Cerebral Palsy (CP) is the most common motor disorder affecting children in the United States. While that certainly sounds significant, most people don’t really know just how prevalent CP is, or the impact this disorder has on families.
At Birth Injury Guide, we want to provide families with valuable information about CP and the many ways that the disorder can impact your family. Based on our research and information gathered from sources like the Centers for Disease Control and Prevention (CDC), we have compiled some informative cerebral palsy statistics that can help shine a light on the true prevalence and impact of CP on our society.
Data and Statistics Related to Cerebral Palsy
CP is a condition that affects infants, children and adults across the world. Population studies estimate that between 1.5 and four children out of every 1,000 live births will develop CP. That equates to one in every 323 children. Currently, estimates suggest that around 500,000 people under the age of 18 have CP.
- Boys – 3.6 per 1,000
- Girls – 2.5 per 1,000
Types of Cerebral Palsy
- Spastic – 77% of all CP cases are spastic.
- Dyskinetic – 5% of all CP cases are dyskinetic.
- Ataxic – 3% of all CP cases are ataxic.
- Mixed – 15% of all cases are a mixed variation.
By eight years old, around 60% of children with CP will be diagnosed with another form of intellectual disability:
- 40% of children will be diagnosed with intellectual delay.
- 35% of children will be diagnosed with epilepsy.
- 15% of children will be diagnosed with vision impairment.
- 9% of children will be diagnosed with Autism Spectrum Disorder (ASD).
- One in four children with CP have an intellectual disability and epilepsy.
Risk factors for CP include the following:
- Premature birth
- Low birth weight (primarily infants weighing less than 1,500 grams)
- Multiple births (twins, triplets, etc.)
- Fertility treatments
- Maternal infections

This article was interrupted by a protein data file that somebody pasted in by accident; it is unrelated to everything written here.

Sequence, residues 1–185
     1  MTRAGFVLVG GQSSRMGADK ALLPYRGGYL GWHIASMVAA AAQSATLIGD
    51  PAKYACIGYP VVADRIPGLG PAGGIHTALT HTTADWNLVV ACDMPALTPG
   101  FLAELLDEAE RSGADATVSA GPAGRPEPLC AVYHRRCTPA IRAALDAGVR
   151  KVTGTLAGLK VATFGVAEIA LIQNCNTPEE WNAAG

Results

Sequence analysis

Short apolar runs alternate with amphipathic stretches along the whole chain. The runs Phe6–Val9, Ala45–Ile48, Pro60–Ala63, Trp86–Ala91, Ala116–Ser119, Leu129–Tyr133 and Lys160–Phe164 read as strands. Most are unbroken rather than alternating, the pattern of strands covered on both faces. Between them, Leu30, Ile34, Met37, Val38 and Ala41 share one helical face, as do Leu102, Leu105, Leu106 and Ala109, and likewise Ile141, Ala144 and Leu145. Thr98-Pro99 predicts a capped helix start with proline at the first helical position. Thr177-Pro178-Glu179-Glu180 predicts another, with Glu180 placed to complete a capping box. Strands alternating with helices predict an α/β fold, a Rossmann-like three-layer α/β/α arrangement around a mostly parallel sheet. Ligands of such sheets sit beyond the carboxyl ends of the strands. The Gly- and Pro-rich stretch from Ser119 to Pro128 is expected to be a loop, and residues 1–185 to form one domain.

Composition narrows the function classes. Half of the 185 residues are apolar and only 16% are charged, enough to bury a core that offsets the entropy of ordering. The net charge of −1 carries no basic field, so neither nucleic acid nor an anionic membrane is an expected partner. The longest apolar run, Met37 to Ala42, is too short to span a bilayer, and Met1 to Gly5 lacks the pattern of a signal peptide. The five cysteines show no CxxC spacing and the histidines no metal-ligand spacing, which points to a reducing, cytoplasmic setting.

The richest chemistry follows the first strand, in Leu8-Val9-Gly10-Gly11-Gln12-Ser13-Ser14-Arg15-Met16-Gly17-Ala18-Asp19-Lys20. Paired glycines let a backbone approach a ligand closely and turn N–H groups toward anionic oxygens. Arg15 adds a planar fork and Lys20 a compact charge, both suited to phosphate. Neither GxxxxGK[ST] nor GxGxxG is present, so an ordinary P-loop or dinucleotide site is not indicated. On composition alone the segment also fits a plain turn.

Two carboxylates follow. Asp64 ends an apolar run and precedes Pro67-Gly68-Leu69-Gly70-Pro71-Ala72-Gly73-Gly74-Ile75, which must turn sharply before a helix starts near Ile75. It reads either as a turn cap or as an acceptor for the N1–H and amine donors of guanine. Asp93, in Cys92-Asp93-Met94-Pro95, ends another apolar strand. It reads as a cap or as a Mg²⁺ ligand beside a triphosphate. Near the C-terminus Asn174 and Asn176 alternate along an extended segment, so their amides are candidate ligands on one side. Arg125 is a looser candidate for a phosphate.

- Blood flow problems
- Traumatic head injury
- Oxygen deprivation
How Cerebral Palsy Affects Children
Ability to Walk
Due to neurological complications sending wrong messages to muscle groups, walking is very difficult for many people with CP. According to the CDC:
- Around 58% of children with CP can walk independently.
- 3% of children with CP require mobility assistance devices.
- Around 30% have limited or no walking ability.
- 41% of children with CP have limitations in their ability to crawl, run, walk or play.
- 31% of children with CP require special equipment like a walker or wheelchair.
- Black children are 1.7 times more likely to have limited or no ability to walk than white children.
Three out of every four patients with CP report being in pain. This could be due to spasticity and may also be due to inconsistent muscle tone that causes a chain reaction of pain through other muscles. Overcompensation, the inability to achieve a consistent gait, and spinal problems are usually the cause of this pain.
One out of every four people with CP have the inability to talk. Children and adults who have CP often experience the following difficulties:
- Gag reflex problems.
- Problems with controlling the esophageal muscles.
- Spinal problems that affect the position of esophageal muscles.
- Excessive drooling.
Speech therapy can often help them to exercise these areas and to hopefully gain control. Unfortunately, some children never gain complete control and struggle with speech difficulties permanently.
Due to nerve damage, one out of every 10 people with CP suffer from hearing loss. Around one in every 50 people with CP are completely deaf.
One out of every five people with CP have some variation of a sleep disorder. Sometimes this is because spasticity keeps them awake. Other times, it is because of the pain that the individual is in. In addition, abnormal muscle tone may affect the chest muscles, which in turn, makes it hard for some people with CP to breathe deeply.
Behavioral and Emotional Problems
Children with CP often have a number of special needs that require them to be housebound or under constant supervision. One out of every four children with cerebral palsy have behavioral problems or problems socializing with others. The most common behavioral issues include:
- Emotional outbursts
- Poor social skills
- Poor decision-making skills
- The tendency to “black out” when angered
Living With Cerebral Palsy
As these cerebral palsy statistics show, this disorder has a wide range of impacts on the individual and his or her family. Living with CP takes adjustments, planning, and patience. It is important to remember that a diagnosis of CP does not mean that the individual will not have a fulfilling life. Yes, CP is a challenging disorder. However, there are options for therapy and treatments that can help overcome some challenges and promote a healthy and full life.